The Greatest Comment in the World

“Yeah, nice picture. When I was a kid, moving with my family back from Vancouver, we took the train, and we booked passage from Vancouver to Westmount — not Montreal (Windsor Station, which was the next stop). That was 1971.

I more or less like your blog. But I will stop visiting if you don’t stop your reprehensible habit of putting an accent on the first E of Montreal.

It’s incomprehensible. Why would you do that? That letter (the e with an accent, which has its own name in French and is not considered the same as a regular E — they pronounce “e” euh; and “e-with-the-accent-aigu” eh.

Stop and go back and delete the accents. It’s like we don’t belong in Montreal. You are on the wrong side with this evil habit of yours.”


This comment is attributed to a Snead Nesbitt.

I’ve never had a comment like this. Judge for yourselves.

Where to begin?

Montréal is a French name, and according to English usage rules, it’s appropriate to use the accent.

And I’m half English and half French, so I feel pretty comfortable expressing myself in both languages. You know, the two official languages of Canada.

I like how I’m both incomprehensible and reprehensible. Someone was using a thesaurus no doubt.

And Windsor Station is in Montréal, not Westmount.

12 thoughts on “The Greatest Comment in the World”

  1. Turin Bombay Beijing Belgrade Kiev… English alters names. That’s just the way it is.
    It is the language that finds other languages and beats them up in dark alleys at might.

    Given the continual nonsensical attacks on the English language in Quebec from those who want to erase the past few centuries of history, it is not surprising that you will encounter people who say ENOUGH of your hatred. My language is mine, stop treating it like cancer!

    Your latest column is proof.

  2. Right on!

    I couldn’t agree more.

    It’s funny because if you ever get a chance to take a look at the real demographic numbers, the statistics etc, you realize that French is far from threatened in Québec, but in an important way, neither is English. Both languages continue to co-exist very peacefully, even to the point of linguistic integration which itself is largely thanks to immigration and the immigrant tendency to learn both anyways (because it’s dumb not to). Thus, Montréal becomes a city of multi-lingualism, inter-culturalism, and it benefits us all immensely.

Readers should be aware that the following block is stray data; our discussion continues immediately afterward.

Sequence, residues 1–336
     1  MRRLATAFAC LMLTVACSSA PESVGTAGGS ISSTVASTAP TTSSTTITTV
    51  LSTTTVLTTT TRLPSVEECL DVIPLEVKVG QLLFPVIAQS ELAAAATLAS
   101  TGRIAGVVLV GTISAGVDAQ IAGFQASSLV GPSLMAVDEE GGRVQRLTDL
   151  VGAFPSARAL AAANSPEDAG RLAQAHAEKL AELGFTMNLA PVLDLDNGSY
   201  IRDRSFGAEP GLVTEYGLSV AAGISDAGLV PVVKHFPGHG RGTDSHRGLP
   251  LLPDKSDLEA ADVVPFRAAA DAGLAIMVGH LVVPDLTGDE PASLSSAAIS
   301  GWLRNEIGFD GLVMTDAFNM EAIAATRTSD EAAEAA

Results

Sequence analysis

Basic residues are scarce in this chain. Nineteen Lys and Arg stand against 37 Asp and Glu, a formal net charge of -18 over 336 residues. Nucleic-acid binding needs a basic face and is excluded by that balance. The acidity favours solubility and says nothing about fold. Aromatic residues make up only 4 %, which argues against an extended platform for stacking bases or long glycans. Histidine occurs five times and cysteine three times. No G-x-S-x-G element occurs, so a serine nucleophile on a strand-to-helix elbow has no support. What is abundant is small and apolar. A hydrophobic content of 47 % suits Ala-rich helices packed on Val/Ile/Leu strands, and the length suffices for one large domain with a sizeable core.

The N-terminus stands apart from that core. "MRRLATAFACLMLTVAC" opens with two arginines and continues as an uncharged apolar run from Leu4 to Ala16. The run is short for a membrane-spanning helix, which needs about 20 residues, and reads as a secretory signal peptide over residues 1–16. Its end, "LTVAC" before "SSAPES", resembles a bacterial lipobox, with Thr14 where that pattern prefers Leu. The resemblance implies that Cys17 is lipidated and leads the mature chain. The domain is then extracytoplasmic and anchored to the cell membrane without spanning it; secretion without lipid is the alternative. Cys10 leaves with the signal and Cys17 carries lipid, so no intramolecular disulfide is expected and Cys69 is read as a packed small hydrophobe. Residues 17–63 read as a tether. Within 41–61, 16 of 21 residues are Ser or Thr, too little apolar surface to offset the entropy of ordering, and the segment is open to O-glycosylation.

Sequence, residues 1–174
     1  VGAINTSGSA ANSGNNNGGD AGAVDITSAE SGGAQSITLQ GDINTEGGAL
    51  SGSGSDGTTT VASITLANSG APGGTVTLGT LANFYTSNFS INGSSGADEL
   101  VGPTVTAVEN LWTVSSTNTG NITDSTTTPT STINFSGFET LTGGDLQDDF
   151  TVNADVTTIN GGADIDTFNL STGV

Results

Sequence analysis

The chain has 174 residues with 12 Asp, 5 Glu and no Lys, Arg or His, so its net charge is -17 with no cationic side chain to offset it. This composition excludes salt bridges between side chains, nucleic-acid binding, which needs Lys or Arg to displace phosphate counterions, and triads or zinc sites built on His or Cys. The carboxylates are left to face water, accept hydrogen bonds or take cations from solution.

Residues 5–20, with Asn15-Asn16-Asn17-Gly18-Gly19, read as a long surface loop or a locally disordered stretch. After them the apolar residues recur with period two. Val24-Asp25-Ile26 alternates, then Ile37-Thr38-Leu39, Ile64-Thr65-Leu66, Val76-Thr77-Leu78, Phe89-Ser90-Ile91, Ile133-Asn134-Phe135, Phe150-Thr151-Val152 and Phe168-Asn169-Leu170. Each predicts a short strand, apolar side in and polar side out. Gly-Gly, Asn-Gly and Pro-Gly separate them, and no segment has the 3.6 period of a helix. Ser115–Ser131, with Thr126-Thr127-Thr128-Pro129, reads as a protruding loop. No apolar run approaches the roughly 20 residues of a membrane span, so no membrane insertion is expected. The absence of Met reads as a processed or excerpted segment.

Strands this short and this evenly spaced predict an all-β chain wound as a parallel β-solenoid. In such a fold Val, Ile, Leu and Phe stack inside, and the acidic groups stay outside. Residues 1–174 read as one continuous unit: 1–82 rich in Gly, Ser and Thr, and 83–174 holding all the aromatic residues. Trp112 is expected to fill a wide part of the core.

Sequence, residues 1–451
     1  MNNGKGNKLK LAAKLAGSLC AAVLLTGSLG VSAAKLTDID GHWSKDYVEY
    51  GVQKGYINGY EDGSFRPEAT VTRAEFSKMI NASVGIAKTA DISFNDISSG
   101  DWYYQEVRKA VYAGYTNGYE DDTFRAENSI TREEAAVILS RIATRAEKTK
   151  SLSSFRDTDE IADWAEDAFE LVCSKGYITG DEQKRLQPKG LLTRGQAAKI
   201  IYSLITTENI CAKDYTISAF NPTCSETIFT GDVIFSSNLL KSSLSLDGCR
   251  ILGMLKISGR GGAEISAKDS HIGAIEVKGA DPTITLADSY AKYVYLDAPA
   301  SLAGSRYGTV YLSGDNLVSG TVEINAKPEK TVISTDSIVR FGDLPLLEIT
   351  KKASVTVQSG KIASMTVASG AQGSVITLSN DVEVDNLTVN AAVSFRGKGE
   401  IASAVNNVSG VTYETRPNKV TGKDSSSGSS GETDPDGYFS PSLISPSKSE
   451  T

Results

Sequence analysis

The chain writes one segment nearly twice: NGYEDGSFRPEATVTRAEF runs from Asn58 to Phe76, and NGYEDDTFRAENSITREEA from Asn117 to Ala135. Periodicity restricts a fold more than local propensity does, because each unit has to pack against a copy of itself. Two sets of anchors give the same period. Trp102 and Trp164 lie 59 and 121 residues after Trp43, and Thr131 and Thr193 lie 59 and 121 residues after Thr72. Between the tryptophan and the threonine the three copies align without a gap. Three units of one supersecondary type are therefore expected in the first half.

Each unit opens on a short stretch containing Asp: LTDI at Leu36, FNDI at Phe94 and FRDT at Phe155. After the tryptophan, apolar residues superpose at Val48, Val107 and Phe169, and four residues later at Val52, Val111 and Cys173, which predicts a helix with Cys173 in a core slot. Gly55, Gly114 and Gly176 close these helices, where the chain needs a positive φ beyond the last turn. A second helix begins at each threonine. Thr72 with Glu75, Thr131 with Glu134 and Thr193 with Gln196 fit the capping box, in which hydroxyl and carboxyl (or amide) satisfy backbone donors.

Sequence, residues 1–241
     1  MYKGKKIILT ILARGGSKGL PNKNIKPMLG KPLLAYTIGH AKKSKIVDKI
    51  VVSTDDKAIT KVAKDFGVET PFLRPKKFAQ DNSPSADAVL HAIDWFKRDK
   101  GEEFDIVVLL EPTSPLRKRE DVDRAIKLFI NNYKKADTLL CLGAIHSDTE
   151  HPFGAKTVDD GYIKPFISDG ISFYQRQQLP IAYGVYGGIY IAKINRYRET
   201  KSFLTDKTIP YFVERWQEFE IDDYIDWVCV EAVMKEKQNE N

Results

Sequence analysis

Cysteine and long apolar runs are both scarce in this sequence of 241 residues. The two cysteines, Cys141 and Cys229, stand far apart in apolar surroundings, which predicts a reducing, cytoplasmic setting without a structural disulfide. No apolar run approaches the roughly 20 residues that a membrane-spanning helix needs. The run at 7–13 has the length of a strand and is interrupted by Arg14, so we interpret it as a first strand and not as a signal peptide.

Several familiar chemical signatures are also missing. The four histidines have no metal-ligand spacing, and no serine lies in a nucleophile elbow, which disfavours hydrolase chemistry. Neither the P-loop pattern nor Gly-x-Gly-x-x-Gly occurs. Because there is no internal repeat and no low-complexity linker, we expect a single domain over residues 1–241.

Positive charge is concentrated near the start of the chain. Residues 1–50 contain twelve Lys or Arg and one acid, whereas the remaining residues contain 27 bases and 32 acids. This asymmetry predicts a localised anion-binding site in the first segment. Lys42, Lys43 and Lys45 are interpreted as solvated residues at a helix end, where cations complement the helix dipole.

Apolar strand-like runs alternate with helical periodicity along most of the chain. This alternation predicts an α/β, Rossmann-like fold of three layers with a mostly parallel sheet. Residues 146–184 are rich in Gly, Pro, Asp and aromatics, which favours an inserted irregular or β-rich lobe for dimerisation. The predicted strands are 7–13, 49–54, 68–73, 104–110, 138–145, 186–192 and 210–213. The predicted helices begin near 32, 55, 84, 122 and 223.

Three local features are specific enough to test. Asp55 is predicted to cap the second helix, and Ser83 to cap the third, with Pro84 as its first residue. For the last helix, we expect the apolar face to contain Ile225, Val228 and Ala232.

The complaining drives me nuts – it’s so antiquated and backwards. It’s almost like people don’t realize the exceptional gift we have, and that continued integration will only benefit our city in an increasingly globalized future. So much of the rhetoric surrounding the linguistic and cultural ‘battles’ as they relate to the Québecois identity is steeped in 19th-century nationalist concepts of race. It’s sickening. You’d think we would have progressed past that by now.

    I see Montréal as a kind of laboratory, and I think it’s in our best interest to establish a set of ‘best-practises’ solutions to inter-cultural bickering. Amazingly, we’re still here, and if you were to tune out the politicians and the pundits, you’d probably forget there was ever a spat to begin with. So isn’t it time to figure out what we’re doing right, and how we act as individuals within a society, rather than continue this idiotic conversation about ‘racial extinction’?

  3. That and I’m fairly certain that in proper English language usage rules, it’s appropriate to write a French place name as it is written in French. I’ll have to look it up I suppose.

  4. My perspective is this:

    Montréal is predominantly French and the word sounds fundamentally different in English. I prefer the French pronunciation, though I regularly use it’s English pronunciation in conversation when speaking to Anglophones. I think it’s economically and socio-politically beneficial to emphasize our city’s generally Francophone nature. After all, we’re the second-largest French speaking city in the entire world, and the seat of North American Francophone culture. The more we can distinguish ourselves from the North American standard, the better. We’re different and we deserve the distinction. A key element of the distinction is that we’re primarily French, so let’s be smart and market ourselves accordingly. As far as this continent is concerned, we’re pretty exotic.